Latest European Synchrotron Radiation Facility Stories
Classical and high-temperature superconductors differ hugely in the value of the critical temperatures at which they lose all electrical resistance.
A new chapter has been opened in our understanding of the chemical activity of nanoparticles says a team of international scientists.
The subfamily of rodents known as Murinae (mice, rats, etc.), which first appeared in Asia 12 million years ago, spread across the entire Old World (Eurasia, Africa, Australia) in less than 2 million years, a remarkably fast rate.
Scientists have discovered that the tiny Gardiner’s frog from the Seychelles Islands is capable of hearing through tiny bones in its mouth.
Swedish, Australian and French researchers present for the first time miraculously preserved musculature of 380 million year old armored fish discovered in north-west Australia.
Scientists have, for the first time, traced the nanoparticles taken up from the soil by crop plants and analyzed the chemical states of their metallic elements.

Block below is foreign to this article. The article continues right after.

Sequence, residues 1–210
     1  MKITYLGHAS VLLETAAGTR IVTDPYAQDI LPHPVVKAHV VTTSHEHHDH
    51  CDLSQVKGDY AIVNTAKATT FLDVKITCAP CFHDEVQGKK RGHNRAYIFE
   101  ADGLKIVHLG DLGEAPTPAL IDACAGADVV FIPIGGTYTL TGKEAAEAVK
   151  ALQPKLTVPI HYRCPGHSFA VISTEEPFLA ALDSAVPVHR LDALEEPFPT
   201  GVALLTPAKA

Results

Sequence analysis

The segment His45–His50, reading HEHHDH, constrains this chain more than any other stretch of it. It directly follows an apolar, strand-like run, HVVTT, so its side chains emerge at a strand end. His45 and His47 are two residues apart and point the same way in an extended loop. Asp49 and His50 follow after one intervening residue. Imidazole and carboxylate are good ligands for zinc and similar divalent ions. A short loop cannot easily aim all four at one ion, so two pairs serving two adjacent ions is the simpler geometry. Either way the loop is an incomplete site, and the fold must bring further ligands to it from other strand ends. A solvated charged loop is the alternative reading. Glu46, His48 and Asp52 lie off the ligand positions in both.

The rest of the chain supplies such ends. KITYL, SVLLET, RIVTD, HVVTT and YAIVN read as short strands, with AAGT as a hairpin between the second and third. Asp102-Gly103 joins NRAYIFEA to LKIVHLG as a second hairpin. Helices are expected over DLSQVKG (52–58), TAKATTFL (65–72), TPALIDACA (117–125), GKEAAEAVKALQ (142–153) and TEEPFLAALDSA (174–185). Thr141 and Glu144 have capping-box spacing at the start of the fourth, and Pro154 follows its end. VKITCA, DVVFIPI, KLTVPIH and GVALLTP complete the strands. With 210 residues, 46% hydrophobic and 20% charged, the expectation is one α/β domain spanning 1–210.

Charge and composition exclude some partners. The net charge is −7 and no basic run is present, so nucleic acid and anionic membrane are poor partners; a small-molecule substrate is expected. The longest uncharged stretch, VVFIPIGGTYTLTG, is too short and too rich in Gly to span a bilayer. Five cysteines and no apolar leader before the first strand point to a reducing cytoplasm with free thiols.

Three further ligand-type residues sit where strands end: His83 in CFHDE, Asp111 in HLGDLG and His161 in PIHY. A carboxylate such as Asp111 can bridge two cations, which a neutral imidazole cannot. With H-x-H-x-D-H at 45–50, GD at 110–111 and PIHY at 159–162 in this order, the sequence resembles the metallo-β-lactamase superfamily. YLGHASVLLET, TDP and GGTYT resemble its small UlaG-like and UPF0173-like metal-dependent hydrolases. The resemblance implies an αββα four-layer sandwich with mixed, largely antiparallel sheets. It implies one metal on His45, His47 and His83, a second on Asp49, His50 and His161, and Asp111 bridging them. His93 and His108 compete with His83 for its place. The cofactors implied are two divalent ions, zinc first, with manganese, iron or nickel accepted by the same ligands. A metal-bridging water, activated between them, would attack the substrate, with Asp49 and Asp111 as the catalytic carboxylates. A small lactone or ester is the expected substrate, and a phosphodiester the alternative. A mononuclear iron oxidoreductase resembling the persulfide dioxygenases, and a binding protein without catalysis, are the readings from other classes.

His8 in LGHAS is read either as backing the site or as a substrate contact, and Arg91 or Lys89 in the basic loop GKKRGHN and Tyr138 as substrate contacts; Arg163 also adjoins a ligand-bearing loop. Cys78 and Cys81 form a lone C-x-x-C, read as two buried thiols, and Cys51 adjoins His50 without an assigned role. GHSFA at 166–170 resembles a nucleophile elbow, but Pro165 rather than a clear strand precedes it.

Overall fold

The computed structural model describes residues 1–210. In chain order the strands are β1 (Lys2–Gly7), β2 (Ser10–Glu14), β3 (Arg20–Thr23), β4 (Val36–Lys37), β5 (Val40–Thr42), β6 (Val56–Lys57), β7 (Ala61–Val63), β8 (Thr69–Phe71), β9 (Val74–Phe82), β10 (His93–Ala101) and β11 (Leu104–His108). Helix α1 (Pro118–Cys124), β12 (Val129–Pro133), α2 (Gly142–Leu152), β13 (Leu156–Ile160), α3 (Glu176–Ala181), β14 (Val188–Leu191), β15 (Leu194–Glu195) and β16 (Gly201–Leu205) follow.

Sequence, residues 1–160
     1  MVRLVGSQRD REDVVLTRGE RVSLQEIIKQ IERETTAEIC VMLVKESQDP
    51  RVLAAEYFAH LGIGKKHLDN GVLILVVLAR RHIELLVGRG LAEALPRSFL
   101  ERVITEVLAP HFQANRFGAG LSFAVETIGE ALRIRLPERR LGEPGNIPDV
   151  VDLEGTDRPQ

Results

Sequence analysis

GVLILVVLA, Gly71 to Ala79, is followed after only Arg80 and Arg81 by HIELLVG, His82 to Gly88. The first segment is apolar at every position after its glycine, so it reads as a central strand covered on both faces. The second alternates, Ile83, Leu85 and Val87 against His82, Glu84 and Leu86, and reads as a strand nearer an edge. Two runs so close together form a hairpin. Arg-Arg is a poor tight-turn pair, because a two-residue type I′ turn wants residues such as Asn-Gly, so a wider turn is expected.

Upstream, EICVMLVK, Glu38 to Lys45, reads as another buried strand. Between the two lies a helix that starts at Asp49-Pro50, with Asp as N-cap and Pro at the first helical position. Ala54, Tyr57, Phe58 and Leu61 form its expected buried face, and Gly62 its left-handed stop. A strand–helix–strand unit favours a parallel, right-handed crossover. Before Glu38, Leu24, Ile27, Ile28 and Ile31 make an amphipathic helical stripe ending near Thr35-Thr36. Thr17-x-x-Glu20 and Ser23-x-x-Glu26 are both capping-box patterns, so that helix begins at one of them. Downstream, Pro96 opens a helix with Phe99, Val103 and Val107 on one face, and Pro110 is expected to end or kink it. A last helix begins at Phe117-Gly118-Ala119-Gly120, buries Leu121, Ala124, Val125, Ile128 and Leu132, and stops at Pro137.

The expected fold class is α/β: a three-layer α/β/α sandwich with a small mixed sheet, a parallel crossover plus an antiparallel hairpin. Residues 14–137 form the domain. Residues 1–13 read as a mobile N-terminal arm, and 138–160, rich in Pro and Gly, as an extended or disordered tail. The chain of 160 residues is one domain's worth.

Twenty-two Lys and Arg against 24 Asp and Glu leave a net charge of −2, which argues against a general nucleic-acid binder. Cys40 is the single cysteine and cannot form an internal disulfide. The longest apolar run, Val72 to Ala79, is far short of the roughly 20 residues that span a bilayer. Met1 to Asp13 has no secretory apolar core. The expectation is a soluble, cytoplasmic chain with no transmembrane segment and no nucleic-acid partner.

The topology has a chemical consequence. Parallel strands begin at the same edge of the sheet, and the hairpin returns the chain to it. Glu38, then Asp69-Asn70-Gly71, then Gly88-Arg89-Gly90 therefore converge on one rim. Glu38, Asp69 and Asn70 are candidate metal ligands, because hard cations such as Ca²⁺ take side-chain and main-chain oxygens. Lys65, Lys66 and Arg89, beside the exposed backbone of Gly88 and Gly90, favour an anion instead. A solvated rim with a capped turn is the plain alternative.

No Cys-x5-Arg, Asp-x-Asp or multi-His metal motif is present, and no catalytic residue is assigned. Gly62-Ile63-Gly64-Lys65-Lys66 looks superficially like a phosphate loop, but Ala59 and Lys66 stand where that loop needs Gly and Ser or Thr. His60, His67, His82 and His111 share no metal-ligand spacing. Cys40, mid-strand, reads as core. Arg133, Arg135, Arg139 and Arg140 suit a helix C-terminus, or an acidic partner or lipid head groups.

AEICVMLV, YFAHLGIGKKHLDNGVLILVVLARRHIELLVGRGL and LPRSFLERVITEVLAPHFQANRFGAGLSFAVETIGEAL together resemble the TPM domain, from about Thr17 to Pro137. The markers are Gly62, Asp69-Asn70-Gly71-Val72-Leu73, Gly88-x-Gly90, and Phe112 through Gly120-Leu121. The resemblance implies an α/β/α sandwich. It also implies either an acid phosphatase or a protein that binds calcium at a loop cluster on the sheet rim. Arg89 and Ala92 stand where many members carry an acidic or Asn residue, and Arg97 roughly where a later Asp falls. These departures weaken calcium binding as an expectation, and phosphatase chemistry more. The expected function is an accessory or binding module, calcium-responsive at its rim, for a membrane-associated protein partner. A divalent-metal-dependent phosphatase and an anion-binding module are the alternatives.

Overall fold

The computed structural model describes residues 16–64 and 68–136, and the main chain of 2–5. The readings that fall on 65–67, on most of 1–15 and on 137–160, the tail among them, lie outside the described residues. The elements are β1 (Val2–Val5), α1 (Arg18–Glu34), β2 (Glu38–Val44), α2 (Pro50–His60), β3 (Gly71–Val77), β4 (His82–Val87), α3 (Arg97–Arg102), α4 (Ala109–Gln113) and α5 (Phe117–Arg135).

Solvents are omnipresent in the chemical industry, and are a major environmental and safety concern. Therefore the large interest in mechanochemistry: an energy-efficient alternative that avoids using bulk solvents and uses high-frequency milling to drive reactions.
Science has known about plant hormones since Charles Darwin experimented with plant shoots and showed that the shoots bend toward the light as long as their tips, which are secreting a growth hormone, aren’t cut off.
A team of Dutch scientists believe that they have discovered why there are no active volcanoes on the Moon, even though recent seismic activity suggests that there is a good amount of magma below the surface.
A team of German scientists recently decoded the molecular structure of the unusually sturdy spines of sea urchins, a discovery that they believe could eventually prove useful in helping engineers construct stronger, more stable buildings.
- A serpent whose bite was fabled to produce intense thirst.